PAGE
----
TOM: One of the things to keep in mind is that in many cases the early water rights for surface water systems were associated with farms and mines. What has happened is that over a period of time, agriculture has been replaced by growth of houses. So now what you have is an urban demand, or a rural demand for water that is not connected with the farm system, nor connected with the mines. So you have a conflict of the use of the water. And so the issue of appropriation comes into question because, if a farmer has a higher right than the urban user, then in a period of drought, the farmer gets his water, but the urban system doesn’t. There’s a conflict there. And this is a conflict that the courts are going to have to face. It’s going to be an issue in the future, because there is only a limited amount of water, particularly in the Southwest.
Interviewer: Cities get a lot of their water from aquifers. How does that affect the surface water system?
TOM: What has happened since the 1940s is the development of the high lift pump, and the completion of rural rectification. These are the two big processes that made ground water extraction easier than it had been in the past. You have a tremendous amount of development of ground water occurring. Unfortunately, ground water is more available near streams than it is in other places. It’s what we call the Willie Sutton Principle of Water. Willie Sutton was a bank robber who was once asked why he robbed banks. And, he said, “Because that’s where the money is.” In the same instance, the wells go in near the river because that’s where the water is. So what you have is this growth of ground water pumping, but of course, the ground water pumping interferes with the surface water systems, and essentially depletes surface water. And you end up with a conflict.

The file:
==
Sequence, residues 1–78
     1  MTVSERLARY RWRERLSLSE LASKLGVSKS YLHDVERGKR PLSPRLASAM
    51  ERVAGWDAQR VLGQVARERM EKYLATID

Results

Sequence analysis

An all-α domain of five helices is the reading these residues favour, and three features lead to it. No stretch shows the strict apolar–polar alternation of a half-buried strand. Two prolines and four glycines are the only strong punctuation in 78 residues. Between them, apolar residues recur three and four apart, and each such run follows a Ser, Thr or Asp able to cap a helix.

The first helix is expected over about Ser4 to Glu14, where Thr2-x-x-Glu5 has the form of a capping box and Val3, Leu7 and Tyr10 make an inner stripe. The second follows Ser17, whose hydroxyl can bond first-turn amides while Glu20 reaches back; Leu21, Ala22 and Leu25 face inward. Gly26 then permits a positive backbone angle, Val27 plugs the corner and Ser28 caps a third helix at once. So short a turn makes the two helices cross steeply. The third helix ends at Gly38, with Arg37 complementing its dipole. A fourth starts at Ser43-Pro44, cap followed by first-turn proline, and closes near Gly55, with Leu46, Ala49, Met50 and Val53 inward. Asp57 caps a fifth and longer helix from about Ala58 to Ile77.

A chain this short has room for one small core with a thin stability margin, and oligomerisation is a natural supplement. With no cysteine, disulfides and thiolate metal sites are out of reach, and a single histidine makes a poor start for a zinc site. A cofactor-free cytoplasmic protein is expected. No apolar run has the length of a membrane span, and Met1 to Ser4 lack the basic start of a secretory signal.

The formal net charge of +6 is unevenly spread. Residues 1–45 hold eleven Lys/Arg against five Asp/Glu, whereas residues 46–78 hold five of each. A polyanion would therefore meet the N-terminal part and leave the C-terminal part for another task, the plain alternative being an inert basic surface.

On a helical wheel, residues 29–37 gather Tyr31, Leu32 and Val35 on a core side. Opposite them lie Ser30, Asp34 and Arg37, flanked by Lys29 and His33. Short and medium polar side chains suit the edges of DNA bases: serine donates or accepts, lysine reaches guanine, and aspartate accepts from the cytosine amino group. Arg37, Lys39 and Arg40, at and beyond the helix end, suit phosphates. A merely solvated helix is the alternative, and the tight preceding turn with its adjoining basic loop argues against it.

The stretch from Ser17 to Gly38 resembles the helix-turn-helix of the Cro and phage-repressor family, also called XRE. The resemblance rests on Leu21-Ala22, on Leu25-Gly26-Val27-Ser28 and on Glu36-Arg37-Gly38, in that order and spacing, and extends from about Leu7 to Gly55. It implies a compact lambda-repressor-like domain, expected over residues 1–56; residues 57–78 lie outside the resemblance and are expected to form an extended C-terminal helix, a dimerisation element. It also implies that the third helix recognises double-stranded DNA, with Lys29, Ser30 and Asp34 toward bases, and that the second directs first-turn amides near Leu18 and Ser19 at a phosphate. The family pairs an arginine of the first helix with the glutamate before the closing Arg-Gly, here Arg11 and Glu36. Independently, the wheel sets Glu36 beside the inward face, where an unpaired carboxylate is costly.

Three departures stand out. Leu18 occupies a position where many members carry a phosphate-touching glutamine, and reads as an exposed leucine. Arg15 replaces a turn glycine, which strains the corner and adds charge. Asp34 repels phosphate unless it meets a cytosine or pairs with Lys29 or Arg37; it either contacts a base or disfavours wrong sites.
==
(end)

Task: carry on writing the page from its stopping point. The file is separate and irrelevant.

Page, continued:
Interviewer: Is the ground water extraction system likely to break down?
TOM: Some aquifer systems have had such a high extraction rate that they have become uneconomical to pump. It costs too much money to lift the water to the surface. That’s one problem. The other problem is that as the extractions go deeper, the water quality can change. We saw that here in Tucson with an introduction of arsenic into wells. The other problem we have with our ground water system is that many times we contaminate it ourselves with leaky underground storage tanks from gasoline or spills of various contaminant materials. In Tucson, we had a big problem with TCE, trichloroethylene, which polluted a number of wells in the Southwest causing a number of health problems. This is a very, very limited quantity of water that you’re adding a lot more straws into. Ultimately what happens is, the milkshake runs dry. You run out of water.
Interviewer: Has this happened in the past?
TOM: If you look at cities in ancient cities in the Southwest or in Mediterranean countries, a lot of those cities rose and fell on the availability of water, particularly in places like Mesopotamia. Even in our own country whole cultures disappeared because of water problems—either lack of water, or too much water. A lot of people don’t realize that too much water can be a problem, too. If you raise the water table high enough in a system, you get what’s called water logging and salts build up around the plant roots. And the plants will die. This is particularly important in agricultural regions. We’re now suffering mainly from too little water because we have too many straws in the system.